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Published: May 23, 2024 5 min read

Carbon Monoxide (CO) is a gas or liquid that’s often called the “silent killer” because it’s colorless, odorless and tasteless. This means that poisoning can go undetected until it’s too late. According to the Center for Disease Control and Prevention (CDC), more than 400 people die of CO poisoning each year. This is why many states require that homes and commercial spaces have carbon monoxide detectors installed.

When it comes to detectors at home, knowing the difference between a low battery alert, a malfunction warning or a real CO detection alarm can help you respond appropriately to a potential exposure and prevent deaths.

To learn more about how you can keep your home and loved ones safe, go over our list of the best home security systems.

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Why is my carbon monoxide detector beeping?

Most alarms beep continuously or make a series of beeps at quick, regular intervals when they detect CO gas.

In this situation, you should evacuate everyone from the dwelling immediately. Once outside in fresh air, call emergency services (such as 9-1-1) to report the gas detection and get professional help.

If there are no CO emitting appliances on and you believe it’s a false alarm, air out the space, evacuate and wait to see if the alarm turns off.

However, even if you think it might be a false alarm, we advise you to keep an eye out for symptoms of carbon monoxide poisoning, such as difficulty breathing. (Further below, we’ll detail more symptoms and who is more at risk of poisoning.)

Other Types of Sounds Your Detector Makes and What To Do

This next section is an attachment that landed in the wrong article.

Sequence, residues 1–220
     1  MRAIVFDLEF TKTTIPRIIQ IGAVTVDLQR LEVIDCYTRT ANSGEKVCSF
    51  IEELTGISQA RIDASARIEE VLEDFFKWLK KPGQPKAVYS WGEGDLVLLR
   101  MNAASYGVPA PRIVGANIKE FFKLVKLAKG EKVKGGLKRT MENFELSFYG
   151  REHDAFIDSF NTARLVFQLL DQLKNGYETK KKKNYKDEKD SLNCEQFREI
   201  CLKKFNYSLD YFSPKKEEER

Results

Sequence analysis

While the main reason a CO detector beeps is because it detects gas in the area, there are other sounds your detector might make. Some devices beep, while others emit a chirping sound.

Regardless of what sound your device makes, you should take them seriously. These not only help you ensure continuous protection, but also maintain your detector in working order. We suggest you study your alarm manual to learn about the specific sounds, meanings and instructions related to your particular model.

Also know that newer models have LED indicator lights that can further help you match sound with meaning.

Low Battery

Many devices beep every minute or two to signal that it’s time to replace the battery. According to the U.S. Consumer Product Safety Commission (CPSC), you should replace the batteries of your CO detector at least once a year, unless you have a device with a sealed battery. If you have the latter device, then it may be time to replace it altogether.

Device Malfunction or End of Life

When detectors make several beeps every 30 seconds to a minute, it may be that there’s an issue with the device or it's near the end of its life. If you’ve had the device installed for 10 years or less, consider contacting a technician to test it and determine if there’s been a malfunction. In contrast, we recommend you replace devices that are 10 years old or older.

False Alarm

False alarms will sound just like a real one. Because these devices are built to detect gasses, they can be sensitive and go off when near a CO-emitting appliance or a fireplace. As we mentioned above, if you believe your carbon monoxide detector beeping is due to a false alarm, air out the space and wait outside to see if the alarm turns off.

However, just because a device is near an appliance or fireplace does not mean it is a false alarm. When the alarm sounds, you should evacuate and call emergency services. Once emergency personnel have cleared the area for any potential leaks you should contact the service provider to inspect your device and ensure it is still in working order.

To avoid false alarms, home security experts recommend you install detectors at least 15 feet away from any appliance, stove or fireplace that, when in use, may trigger a false detection alarm.

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Symptoms of Carbon Monoxide Poisoning

Everyone is at risk of carbon monoxide poisoning, especially during winter months when many use heating appliances and close their windows. However, children, the elderly or anyone with a respiratory disease are at a higher risk of poisoning. To prevent poisoning, look out for symptoms similar to the flu, such as:

  • Difficulty breathing
  • Chest pain
  • Headache
  • Confusion
  • Vomiting
  • Nausea
  • Dizziness
  • Fainting